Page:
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The Da Vinci Code   D

Columbia Pictures / Imagine Entertainment

Year Released: 2006
MPAA Rating: PG-13
Director: Ron Howard
Writer: Akiva Goldsman (based on the book by Dan Brown)
Cast: Tom Hanks, Audrey Tautou, Ian McKellen, Jean Reno, Paul Bettany, Alfred Molina, Jürgen Prochnow, Jean-Yves Berteloot.

Review by Rob Vaux

A colleague of mine recently observed that of all the words one could use to describe The Da Vinci Code, "boring" would probably be the most surprising. "Silly," we were ready for. "Ludicrous," "far-fetched," and "half-baked," sure. A disposable summer movie based on a potboiler bestseller, directed with milquetoast competence by Ron Howard and starring the blandly likable Tom Hanks -- yeah, we could handle a thick slice of cheese with that dish. But boring? Turgid and slothful and... and boring?! Even those who feared the worst would never believe such a thing: that an event picture of this magnitude could turn out to be so incredibly dull.

And yet dull it most certainly is: two and a half hours of carefully staged, painstakingly crafted dull. It's a concrete brick of Dull. It's a six-month-old Dull fruitcake. No one can dent this thing. No one. Look at the cast they've assembled: talented performers more than capable of transcending subpar material. And yet they bounce off The Da Vinci Code like pebbles against a bulldozer. Hanks, Paul Bettany, Audrey Tautou -- Audrey Tautou, one of the most vibrant, intoxicating actresses of recent years, reduced to a po-faced mannequin by the mealy-mouthed dirge of a script -- all of them are powerless before the monolith. Not even Ian McKellen can bring it to life... and when Ian McKellen throws in the towel, you know the difficulties are too large to fix.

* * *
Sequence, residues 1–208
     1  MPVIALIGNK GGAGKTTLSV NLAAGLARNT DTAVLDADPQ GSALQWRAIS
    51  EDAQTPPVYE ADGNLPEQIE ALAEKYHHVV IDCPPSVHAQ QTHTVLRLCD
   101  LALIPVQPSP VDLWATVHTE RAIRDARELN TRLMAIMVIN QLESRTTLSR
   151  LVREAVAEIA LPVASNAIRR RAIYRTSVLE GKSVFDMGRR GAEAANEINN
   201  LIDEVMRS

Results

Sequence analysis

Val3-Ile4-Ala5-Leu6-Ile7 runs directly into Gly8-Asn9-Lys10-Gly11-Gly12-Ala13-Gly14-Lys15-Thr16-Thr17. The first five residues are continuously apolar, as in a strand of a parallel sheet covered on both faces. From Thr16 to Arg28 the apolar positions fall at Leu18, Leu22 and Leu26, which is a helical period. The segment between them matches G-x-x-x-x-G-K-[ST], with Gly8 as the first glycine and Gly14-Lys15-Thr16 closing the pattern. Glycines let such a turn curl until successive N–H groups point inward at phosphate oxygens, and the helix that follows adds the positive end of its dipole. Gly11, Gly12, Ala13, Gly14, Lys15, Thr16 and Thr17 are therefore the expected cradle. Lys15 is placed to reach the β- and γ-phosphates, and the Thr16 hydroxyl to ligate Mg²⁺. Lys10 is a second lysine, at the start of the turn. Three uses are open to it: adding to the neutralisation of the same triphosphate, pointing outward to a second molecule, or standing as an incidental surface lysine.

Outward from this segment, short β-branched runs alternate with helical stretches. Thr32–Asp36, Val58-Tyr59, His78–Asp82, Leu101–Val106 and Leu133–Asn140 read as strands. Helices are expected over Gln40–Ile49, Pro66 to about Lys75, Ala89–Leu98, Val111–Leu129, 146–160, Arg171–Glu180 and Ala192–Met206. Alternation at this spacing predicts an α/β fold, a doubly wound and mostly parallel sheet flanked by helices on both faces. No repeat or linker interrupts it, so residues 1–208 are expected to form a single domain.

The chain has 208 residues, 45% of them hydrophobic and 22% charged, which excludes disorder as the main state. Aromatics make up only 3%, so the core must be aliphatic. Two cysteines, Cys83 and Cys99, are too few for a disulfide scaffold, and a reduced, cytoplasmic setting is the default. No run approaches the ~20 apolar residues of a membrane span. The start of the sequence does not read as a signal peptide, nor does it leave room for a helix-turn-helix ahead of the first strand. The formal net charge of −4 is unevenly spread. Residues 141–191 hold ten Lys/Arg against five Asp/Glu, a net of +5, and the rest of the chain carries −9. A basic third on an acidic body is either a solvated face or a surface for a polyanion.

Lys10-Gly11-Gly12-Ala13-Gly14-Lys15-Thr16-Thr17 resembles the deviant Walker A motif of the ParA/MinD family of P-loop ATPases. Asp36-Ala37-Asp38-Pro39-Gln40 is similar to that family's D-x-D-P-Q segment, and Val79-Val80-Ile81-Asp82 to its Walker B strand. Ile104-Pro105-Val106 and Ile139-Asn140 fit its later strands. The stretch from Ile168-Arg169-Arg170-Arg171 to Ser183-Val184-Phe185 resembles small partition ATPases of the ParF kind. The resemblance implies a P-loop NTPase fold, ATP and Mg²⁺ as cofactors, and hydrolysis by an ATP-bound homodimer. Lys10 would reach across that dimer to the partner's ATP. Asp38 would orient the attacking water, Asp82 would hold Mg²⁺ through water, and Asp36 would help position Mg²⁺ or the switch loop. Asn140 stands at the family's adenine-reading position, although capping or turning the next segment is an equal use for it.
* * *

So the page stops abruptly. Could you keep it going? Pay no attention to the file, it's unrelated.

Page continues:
The obvious culprit is the source material -- Dan Brown's mega-bestseller that posits a global conspiracy lying at the heart of the Catholic Church. I haven't read the book, so I can't speak to its quality, but by all accounts, the film stays faithful to it... which may not be a good thing. Hanks plays Robert Langdon, a world-class symbologist summoned to the Louvre one dark Paris night to lend his expertise to a murder investigation. A man lies dead on the gallery floor, his limbs spread in an imitation of Da Vinci's famous Vitruvian Man. Other clues lie nearby, apparently produced by the victim as he lay dying. They point the way to a vast secret that a sinister group of Catholic hardliners is trying to keep under wraps -- a secret so dangerous that they'll happily kill anyone who gets a whiff of it.

The film's trouble starts there, for when seen by the cold light of day, this secret simply isn't as shocking as it should be. I can't reveal the particulars, of course, but the crux of it involves facts that may cast doubt on Christ's divinity. And yet nothing about them suggests that Christ is not divine: only that the Church may have mixed up some of the specifics about his life. That may be enough for certain fanatics to kill for, but shake civilization to its core, as the film suggests? Please. If a bunch of priests molesting little boys couldn't crack the Vatican's foundation, then a few millennia-old fabrications won't make a bit of difference.